Following several months of hotly contested debates, this year’s NBA Most Valuable Player race turned out to be a landslide.

Nikola Jokic of the Denver Nuggets was named this year’s NBA MVP in what was a landslide win, garnering 79 out of a possible 99 first place votes. He finished ahead of Shai Gilgeous-Alexander (15 first place votes), Luka Doncic (4), and Giannis Antetokounmpo (1).

Jokic appeared in 79 games during the regular season, averaging 26.4 points on 58.3% field goal shooting, 1.1 three-pointers, 12.4 rebounds, nine assists, 1.4 steals, and 0.9 blocks. He tallied 25 triple doubles, just one behind league-leader Domantas Sabonis. He led the NBA in several advanced metrics including PER, Win Shares, Box Plus/Minus, and VORP.

The efforts of the 29-year-old Jokic, also the reigning NBA Finals Most Valuable Player, helped the defending champion Nuggets finish the regular season with a 57-25 win-loss record that was tied for the best in the Western Conference and second in the league this year.

Now that he is a three-time NBA MVP winner after winning this prestigious award in 2021 and 2022 as well, Jokic joins an elite group of only nine players who have been able to achieve this feat.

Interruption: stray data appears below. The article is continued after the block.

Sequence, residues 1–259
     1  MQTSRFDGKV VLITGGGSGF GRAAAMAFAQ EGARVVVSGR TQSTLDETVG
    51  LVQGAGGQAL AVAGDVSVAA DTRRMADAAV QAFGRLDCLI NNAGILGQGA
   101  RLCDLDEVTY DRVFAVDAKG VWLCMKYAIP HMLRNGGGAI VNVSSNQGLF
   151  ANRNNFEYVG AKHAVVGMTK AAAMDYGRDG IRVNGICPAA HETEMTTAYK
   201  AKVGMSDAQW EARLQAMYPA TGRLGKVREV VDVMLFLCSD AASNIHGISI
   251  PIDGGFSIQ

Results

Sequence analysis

Kareem Abdul-Jabbar remains the all-time leader with six NBA MVPs, Michael Jordan is in second place with five, and LeBron James and Bill Russell are tied for third with four each. Larry Bird, Wilt Chamberlain, Magic Johnson, Moses Malone, and now Jokic are the players who have won three.

What makes Jokic’s achievement even more special though is that he is the only international player and second round pick on this list. Back in 2014, Denver drafted him 41st overall in what can be considered the greatest draft pick in league history.

Jokic could have actually won his third NBA MVP last season, but he lost out to Joel Embiid in what many tagged as a case of voter fatigue.

Moving forward, it is highly likely that this is not the last time that Jokic is named the NBA MVP. He could realistically wind up challenging Abdul-Jabbar for the record over these next few years if he continues playing at this level. His style of play, which relies heavily on his basketball IQ more than anything else, should age well and allow him to remain dominant well into his 30s.

There is still a long way to go in the Jokic era, yet it is definitely not too soon to appreciate this all-time player who is re-writing the record books and earning himself a place among the best to have ever played the game.